How much did the EPA’s Gina McCarthy, DOE’s Moniz and their entourage pay for their recent Vienna Austria hotels, per diem and airfare? While we can’t find the international allowance, nor the hotel in which they stayed, nor the numbers who went, the rooms where Moniz negotiated a deal with his Iranian colleague last year (Beau Rivage Palace Hotel Lausanne) run around $500 per day, maybe more. Then there is the food stipend and the airfare.
Beau Rivage Palace Hotel Lausanne Streetview
Compare to the $1.9 billion, for 2016 only, which has been requested for so-called nuclear nonproliferation activities where the US runs all over the world taking HEU and plutonium waste to supposedly reduce global stocks of weapons-useable nuclear materials, some of which ends up in the Nolichucky River, which goes to the Tennessee and part goes to the Ohio R., the Mississippi R. and out to the Gulf of Mexico below New Orleans and part splits off to the Tennessee Tom Bigbee waterway and also ends up in the Gulf of Mexico. http://web.archive.org/web/20160128181743/http://energy.gov/articles/energy-department-presents-fy16-budget-request Almost $2 billion per year has been spent on import of foreign nuclear waste in the name of non-proliferations for many years – probably at least since 2009. This includes 100% foreign made radioactive materials such as Switzerland’s plutonium stockpile.

At least the US EPA didn’t even bother to insult people by putting a value on their lives and then manipulating it, to boot, for this PAG. It also saved us from slogging through more pages of BS. However, there still needs to be some evaluation of the long-term social and economic costs of allowing the public to drink radioactive water.

According to the US government funded, BEIR VII report, when a population of 100,000 is exposed to 100 mSv, an estimated additional 1% will get cancer due to the 100 mSv. Approximately half will die of these life-shortening cancers. A recent government funded study of nuclear workers suggests an estimate of 15% or greater excess cancer risk due to 100 mSv of exposure. This is considered the case even where the 100 mSv occurs over a lifetime. There is no safe dose of ionizing radiation. These are unacceptable and unnecessary risks. See: https://miningawareness.wordpress.com/2015/12/19/another-look-at-the-recent-low-dose-radiation-exposure-study-inworks/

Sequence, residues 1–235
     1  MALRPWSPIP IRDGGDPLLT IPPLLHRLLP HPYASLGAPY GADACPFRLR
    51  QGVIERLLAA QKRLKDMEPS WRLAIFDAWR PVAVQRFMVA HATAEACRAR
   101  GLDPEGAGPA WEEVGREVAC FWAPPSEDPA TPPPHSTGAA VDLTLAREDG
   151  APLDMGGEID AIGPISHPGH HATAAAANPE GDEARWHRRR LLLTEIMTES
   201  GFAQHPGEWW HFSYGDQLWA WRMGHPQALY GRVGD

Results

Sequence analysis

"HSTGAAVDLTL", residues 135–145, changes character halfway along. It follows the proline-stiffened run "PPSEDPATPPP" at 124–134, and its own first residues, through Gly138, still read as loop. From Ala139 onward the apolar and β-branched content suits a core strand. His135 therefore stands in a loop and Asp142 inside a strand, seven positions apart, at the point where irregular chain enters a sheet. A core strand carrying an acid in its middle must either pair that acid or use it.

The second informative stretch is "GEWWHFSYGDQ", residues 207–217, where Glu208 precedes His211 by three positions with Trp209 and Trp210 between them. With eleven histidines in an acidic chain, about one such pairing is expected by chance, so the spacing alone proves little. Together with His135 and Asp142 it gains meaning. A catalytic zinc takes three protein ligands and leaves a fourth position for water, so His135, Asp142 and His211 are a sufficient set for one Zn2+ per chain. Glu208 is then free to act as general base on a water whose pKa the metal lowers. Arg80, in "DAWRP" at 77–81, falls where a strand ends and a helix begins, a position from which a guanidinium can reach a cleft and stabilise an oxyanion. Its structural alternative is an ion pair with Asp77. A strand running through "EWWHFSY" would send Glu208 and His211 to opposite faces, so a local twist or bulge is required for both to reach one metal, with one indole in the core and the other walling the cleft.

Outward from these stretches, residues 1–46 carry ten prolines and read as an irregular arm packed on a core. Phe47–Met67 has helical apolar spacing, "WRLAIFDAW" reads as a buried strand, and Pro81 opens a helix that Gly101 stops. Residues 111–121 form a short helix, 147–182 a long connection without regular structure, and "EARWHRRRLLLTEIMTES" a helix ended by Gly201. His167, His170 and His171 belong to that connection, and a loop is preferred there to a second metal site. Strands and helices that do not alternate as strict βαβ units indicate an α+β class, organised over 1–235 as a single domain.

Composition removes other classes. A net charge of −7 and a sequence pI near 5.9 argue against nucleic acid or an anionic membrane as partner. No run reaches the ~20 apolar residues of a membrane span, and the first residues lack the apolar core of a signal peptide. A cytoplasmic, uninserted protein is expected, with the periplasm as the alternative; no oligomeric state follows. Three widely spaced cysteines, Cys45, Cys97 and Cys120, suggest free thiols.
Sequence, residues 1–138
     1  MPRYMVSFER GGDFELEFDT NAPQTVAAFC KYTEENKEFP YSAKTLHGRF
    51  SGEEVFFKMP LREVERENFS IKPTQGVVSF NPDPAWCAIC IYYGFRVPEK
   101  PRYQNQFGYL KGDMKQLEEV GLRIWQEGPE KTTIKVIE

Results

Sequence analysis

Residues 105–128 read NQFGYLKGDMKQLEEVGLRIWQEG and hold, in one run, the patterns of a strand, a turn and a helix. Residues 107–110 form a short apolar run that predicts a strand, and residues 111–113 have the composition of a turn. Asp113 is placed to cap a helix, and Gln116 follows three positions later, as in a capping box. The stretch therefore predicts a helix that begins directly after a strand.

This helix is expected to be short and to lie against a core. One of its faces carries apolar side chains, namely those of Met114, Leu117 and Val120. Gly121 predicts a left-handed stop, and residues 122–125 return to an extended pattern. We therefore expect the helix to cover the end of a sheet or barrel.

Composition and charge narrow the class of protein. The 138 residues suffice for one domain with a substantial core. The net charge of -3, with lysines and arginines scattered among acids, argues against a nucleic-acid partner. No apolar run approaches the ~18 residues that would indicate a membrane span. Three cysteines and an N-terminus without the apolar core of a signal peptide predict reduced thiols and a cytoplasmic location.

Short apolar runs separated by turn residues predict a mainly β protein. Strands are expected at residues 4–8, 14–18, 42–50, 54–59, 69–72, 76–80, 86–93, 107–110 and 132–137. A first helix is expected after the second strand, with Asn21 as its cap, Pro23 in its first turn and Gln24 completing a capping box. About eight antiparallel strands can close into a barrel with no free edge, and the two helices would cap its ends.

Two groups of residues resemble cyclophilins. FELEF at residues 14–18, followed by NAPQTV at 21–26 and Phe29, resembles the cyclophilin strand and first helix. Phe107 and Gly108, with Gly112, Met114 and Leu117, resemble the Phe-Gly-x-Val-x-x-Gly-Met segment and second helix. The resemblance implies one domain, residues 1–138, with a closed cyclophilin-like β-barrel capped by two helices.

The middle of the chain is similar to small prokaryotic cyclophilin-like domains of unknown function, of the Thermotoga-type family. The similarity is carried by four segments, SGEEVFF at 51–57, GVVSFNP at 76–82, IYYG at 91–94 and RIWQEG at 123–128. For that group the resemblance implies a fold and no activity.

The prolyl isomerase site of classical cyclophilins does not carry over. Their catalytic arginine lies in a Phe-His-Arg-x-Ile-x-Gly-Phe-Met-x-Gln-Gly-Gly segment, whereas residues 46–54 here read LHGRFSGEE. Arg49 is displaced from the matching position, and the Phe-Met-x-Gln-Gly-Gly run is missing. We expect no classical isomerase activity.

According to BEIR VII, for those who die of radiation induced cancers, the life-shortening effects are on the order of 14 to 15 years. Currently the average monthly cost of new cancer medications, according to Memorial Sloane-Kettering, is around $10,000 per month (median), which is $120,000 per year, and thus $1.8 million for 15 years, if the prices don’t rise, but the prices have been rising and rapidly so. This is cost of medication alone, and excludes the cost of doctors, hospitals, and social or financial cost of caregivers for the ill, and lost of “free” caregivers for children and the elderly, by loss of those who are middle aged, through illness and/or death. In short, it excludes value of work done, whether paid or unpaid. Women are disproportionately impacted by radiation induced cancers, as well, and women as a whole do much of the unpaid work, which allows continuing functioning of a household, and without which there may be need for hiring a maid. Already the high cancer drug prices are being decried, even by some with ties to big pharma, it’s so bad. Life-boat ethics is kicking in. For instance, some cancer drugs are unavailable in the UK Public Health System due to high price and cost-cutting (even while they, like the US, find money to subsidize the mostly foreign nuclear industry). Even where people have private insurance, there are limitations in coverage; bankruptcy may have to be declared, and the taxpayer most likely picks up cost (or the person doesn’t get the needed care). Even the IMF considers medical costs from pollution an unfair subsidy to the energy sector, which should be factored in, and they have pointed this out repeatedly. http://www.imf.org/external/pubs/ft/survey/so/2015/NEW070215A.htm See: https://miningawareness.wordpress.com/2015/10/30/usnrc-value-of-death-update-all-tricks-no-value-of-life-no-medical-care-or-caregiver-costs/